The Advertising Agency
for Today's Serious
Real Estate Professional

Mass Media vs. Direct Mail: Getting the Most Bang For Your Marketing Buck

Determining the best approach to reach your target market isn’t simply a guessing game. Learn how to maximize your marketing dollars in this month’s feature story.

They say 15 to 30 percent of your gross income should be spent on advertising. That’s way too much money to be spent haphazardly. That’s why we’ve devoted this month’s feature story to helping you determine the best method to deliver your message to your target market.

When allocating your marketing budget, you need to break things down. One of the first things you want to look at is your direct mail and mass media options. Mass media options would include print advertising, commercials on cable TV, and billboards and other “outdoor” advertising such as bus benches.

Your goal is to expose each household in your farm area to your message three times each month, but how should you reach your target market? Well, the best-case scenario is to provide those three exposures through a carefully orchestrated mix of both direct mail and mass media.

What’s Your Best Option?
Generally speaking, the first place for any agent to build a core marketing campaign is with direct mail. A direct mail campaign delivers your message directly to your targets and you only pay to reach those you wish to reach, providing a “rifle” effect as opposed to mass media. Mass media advertising covers a lot of ground with a broader, “shotgun” approach that also provides increased credibility and a higher quality of your message.

For the most part, when we’re looking at an agent’s situation, we advise them to allocate most of their budget to direct mail. Over time, or if they are already a top producer, the agent should augment that direct mail campaign with mass media advertising, especially when the agent’s production increases or they are forced to expand their market in order to grow their business. But there are some fairly rare instances when direct mail is not a next-level supplement to direct mail, namely those agents whose markets are too large to make direct mail cost effective.

Finding the Right Mix For You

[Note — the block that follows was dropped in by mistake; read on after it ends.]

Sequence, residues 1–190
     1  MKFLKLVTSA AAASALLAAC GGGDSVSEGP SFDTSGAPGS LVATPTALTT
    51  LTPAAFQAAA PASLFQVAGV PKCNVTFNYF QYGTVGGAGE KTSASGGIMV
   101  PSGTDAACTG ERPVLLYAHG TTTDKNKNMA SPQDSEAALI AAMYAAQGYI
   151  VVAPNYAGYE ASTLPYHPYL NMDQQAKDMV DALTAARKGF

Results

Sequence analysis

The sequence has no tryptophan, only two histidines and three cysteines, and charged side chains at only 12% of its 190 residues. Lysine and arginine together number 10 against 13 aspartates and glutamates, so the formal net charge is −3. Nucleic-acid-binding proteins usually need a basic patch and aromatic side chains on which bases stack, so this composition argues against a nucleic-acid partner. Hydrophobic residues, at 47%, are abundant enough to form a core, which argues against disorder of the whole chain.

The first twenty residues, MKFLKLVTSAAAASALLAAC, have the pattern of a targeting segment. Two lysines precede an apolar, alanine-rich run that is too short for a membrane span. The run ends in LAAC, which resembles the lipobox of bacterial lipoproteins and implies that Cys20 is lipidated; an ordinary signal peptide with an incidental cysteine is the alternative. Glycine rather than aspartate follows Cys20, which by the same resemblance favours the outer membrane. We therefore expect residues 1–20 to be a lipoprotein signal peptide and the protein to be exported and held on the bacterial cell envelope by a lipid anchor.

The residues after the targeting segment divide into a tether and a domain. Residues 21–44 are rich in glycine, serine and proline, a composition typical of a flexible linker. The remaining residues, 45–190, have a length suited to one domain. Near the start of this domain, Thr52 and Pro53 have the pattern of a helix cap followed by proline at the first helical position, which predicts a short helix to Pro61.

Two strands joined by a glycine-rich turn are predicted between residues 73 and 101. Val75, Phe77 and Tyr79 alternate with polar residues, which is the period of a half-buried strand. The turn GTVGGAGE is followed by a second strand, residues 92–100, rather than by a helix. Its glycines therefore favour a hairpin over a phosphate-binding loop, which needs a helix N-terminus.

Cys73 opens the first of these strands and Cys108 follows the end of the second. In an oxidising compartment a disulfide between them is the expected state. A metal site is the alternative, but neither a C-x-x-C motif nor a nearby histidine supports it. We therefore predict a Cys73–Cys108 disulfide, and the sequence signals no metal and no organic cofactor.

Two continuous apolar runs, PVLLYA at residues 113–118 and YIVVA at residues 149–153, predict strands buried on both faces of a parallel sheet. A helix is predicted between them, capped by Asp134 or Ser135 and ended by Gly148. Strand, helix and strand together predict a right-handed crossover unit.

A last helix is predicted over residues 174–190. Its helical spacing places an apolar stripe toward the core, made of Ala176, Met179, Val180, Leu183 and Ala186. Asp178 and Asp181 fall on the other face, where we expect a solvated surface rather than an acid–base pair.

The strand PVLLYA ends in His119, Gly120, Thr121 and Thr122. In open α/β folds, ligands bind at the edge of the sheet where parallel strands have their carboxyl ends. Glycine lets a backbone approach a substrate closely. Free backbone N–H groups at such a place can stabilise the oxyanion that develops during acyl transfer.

Here’s a general analysis every agent should do to get started:

If your target market can be defined by streets, a neighborhood, a subdivision, or a lifestyle, and has 3,000 names or less, direct mail will probably generate the best return on your investment. If your target market is not defined by a geographic region or place, and is comprised of more than 3,000 people, mass media will most likely be your best option.

If your analysis leads you to direct mail, keep in mind that as your business and income grow, you need to look toward bolstering your direct mail with a mass media campaign. This will not only provide your campaign with a needed injection of new energy, but also increased credibility.

A Quick Case Study
A good example of this is Phil Herman. Phil’s original farm was a single subdivision in Dayton, Ohio, which he farmed exclusively through direct mail. The more successful he became and the more markets he expanded into, the more he recognized the need to add mass media advertising to the mix. In conjunction with his direct mail campaign, he began running ads in the Dayton Daily News and launched an outdoor campaign that found him on a prominent billboard in the area. He later began running TV commercials on local cable stations.

Eventually, he reached the point he’s at today, farming the entire Southeastern Greater Miami Valley area that includes the cities of Dayton, Centerville, Kettering, Washington Township and more. Needless to say, direct mail is a costly method of reaching every homeowner throughout the region, so Phil has made the complete transition to mass media and no longer does any direct mail farming.

Evaluating Mass Media Effectiveness